The world recently saw the release of iOS 11 and the game-changing iPhone X. It was a revolutionary event as it introduced a whole new way of engaging with the end-user.
The good news for mobile app developers is the fact that most of the work they have to engage in to support the new smartphone is also what they have to do to better support iOS 11.
The latter is also turning out to be considerably different to previous releases with only a 52% adoption rate with a bunch of new features and several patches to go along with it (that’s turning out to be too many in a such a short period of time!).
A lot of these changes have already created a whole new set of problems for apps that previously functioned without any issues on the iPhone 7 and the iPhone 8. As a result, developers have to step up to the plate and adapt to new work realities like the display screen that’s no longer rectangular with round corners, the cut-out front sensor, and software on-screen indicator that replaced the hardware Home button.
So what are the implications for existing and future iOS apps? Let’s dive right into it!
Test existing mobile apps on the new platform
Testing iOS apps across all supported platforms (iOS 9.3.5, iOS 10.3.3, and now the latest iOS 11.x) is the norm, but it’s important to note at this juncture that iOS 11 isn’t supported by all Apple devices. This means that devices that are stuck in previous versions will have different functionality.
The iPhone X was released with iOS 11.0.1 and now updates to iOS 11.1.2 (fixing the cold weather problem), skipping the intermediate updates like iOS 11.0.2 and iOS 11.0.3. But developers must still consider these iOS versions for devices like the iPhone 7 and the iPhone 8.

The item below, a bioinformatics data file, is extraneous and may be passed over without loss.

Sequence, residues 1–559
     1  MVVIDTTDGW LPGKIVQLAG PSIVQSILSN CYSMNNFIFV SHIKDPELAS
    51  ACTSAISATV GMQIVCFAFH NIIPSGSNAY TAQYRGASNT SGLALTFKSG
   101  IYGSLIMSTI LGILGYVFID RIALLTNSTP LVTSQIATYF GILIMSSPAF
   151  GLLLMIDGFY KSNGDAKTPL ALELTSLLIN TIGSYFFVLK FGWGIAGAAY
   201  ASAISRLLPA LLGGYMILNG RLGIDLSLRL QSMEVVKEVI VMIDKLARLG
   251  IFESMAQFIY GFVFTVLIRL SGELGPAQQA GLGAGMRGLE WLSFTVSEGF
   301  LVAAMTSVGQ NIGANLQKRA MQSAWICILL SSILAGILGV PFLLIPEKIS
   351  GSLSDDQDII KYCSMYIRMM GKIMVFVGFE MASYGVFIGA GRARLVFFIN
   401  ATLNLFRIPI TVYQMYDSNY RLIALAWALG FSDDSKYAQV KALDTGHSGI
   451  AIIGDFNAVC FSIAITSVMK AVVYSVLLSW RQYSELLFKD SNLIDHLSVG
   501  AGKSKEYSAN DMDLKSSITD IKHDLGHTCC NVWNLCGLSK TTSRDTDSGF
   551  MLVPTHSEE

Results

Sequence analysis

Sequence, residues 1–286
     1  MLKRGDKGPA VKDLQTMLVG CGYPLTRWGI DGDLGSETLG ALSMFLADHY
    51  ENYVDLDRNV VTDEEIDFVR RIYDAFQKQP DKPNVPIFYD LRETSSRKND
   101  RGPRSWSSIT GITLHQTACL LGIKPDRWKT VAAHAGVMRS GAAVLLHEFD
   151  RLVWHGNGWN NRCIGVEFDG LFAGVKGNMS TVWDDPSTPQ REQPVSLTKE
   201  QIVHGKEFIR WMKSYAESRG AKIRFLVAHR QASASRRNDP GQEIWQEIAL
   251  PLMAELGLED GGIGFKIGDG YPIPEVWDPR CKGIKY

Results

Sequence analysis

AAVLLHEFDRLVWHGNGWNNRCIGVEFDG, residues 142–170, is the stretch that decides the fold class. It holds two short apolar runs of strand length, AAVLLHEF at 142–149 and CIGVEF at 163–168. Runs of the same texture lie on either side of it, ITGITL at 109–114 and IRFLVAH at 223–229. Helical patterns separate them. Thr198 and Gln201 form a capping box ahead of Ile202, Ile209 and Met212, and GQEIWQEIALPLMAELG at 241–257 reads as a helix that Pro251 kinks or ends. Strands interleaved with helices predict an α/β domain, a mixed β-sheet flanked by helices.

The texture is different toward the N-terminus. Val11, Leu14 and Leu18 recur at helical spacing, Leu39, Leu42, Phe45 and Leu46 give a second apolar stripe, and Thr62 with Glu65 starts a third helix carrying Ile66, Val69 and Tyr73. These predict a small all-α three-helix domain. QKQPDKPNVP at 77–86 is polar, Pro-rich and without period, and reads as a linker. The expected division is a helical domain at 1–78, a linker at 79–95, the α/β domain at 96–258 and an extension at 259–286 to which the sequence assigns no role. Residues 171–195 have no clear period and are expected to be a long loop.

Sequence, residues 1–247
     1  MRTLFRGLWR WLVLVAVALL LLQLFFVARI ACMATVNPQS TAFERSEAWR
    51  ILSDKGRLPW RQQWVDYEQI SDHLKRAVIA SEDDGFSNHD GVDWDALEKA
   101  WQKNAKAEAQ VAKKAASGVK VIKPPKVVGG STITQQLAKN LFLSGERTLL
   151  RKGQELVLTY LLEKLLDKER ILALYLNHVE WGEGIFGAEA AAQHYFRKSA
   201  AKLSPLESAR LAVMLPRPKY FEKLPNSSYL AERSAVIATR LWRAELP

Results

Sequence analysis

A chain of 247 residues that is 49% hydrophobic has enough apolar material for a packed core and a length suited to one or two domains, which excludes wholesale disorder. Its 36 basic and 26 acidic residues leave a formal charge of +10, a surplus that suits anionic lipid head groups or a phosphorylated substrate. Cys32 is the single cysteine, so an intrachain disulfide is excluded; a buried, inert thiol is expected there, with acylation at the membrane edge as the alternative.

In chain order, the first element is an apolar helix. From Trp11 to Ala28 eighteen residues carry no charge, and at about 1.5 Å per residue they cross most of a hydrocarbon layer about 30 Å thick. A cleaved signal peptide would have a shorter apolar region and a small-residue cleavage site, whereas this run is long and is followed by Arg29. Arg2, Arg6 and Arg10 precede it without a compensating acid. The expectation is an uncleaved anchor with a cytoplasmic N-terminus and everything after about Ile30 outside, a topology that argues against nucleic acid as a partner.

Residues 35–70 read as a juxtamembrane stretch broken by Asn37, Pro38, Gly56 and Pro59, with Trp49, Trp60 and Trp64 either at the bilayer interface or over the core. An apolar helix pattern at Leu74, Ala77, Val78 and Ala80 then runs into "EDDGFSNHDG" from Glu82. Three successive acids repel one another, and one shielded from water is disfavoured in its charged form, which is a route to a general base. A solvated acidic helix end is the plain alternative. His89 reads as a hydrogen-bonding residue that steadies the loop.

To support the iPhone X, apps must be built against the iOS 11 SDK. What’s more, developers will have to use Xcode 9 and ensure that the app utilizes Launch Screen storyboard instead of Lunch Images.
Update the display and layout
The iPhone X comes with 5.8-inch screen size which is a departure from previous releases. So it’s critical to test UI elements, graphics, and responsive layouts on the new device to see how it works.
If the app was developed with Auto Layout and a standard UIKit, developers may not have to make any changes to get it to work. But if the app uses the full-screen or manual layouts and custom controls, developers will need to update all the UI elements, text fields, and tables to enable seamless functionality of iOS 11 and iPhone X.
Whether the app needs an update or not, it’s important to exercise the whole app. This means trying it out on every screen (landscape, left to right, and portrait, top to bottom) to identify any anomalies. This can be achieved with the iPhone X simulator in Xcode 9.
If the layout has to be updated, it’s important to adhere to the Safe Area Layout Guides. The safe area code can be accessed by using the safeAreaLayoutGuide. Furthermore, whether developers use layout margins to calculate manual layouts or do it in the Interface Builder, the safe area layout guides must be enabled in the File Inspector of the storyboard.
When the safe area layout guide is turned on, the leading trail edges and the constraints connected to the scene’s top and bottom layout guides will be automatically upgraded in existing storyboards. At this juncture, it’s critical to review and test the constraints once the safe area layout guides are enabled.
Often, any controls or content placed in the corners will have to be moved to avoid being clipped by the iPhone X’s rounded corners. Controls and content may also need to be inset to enable seamless gesturing between controls and the Home indicator.
The iOS 11 update unifies the search and navigation bars, so it will look pretty bad if developers fail to unify it for the iPhone X. Additionally, the iPhone X utilizes a @3x image scale factor. Image assets provided in PDF format will be the best option, but if rasterization is necessary, it must include both @2x and @3x to support all devices.
Together with the new Android Note 8, the iPhone X will probably pave the way for a new era of innovation in mobile app development. This has the potential to create new business opportunities for the development community if they can maintain quality while enhancing engagement.
If you’re a developer and you haven’t already engaged in testing the quality and functionality of the new platform, you’re basically at risk of being left behind as innovation continues to accelerate within this space. So don’t waste any time getting some hands-on experience!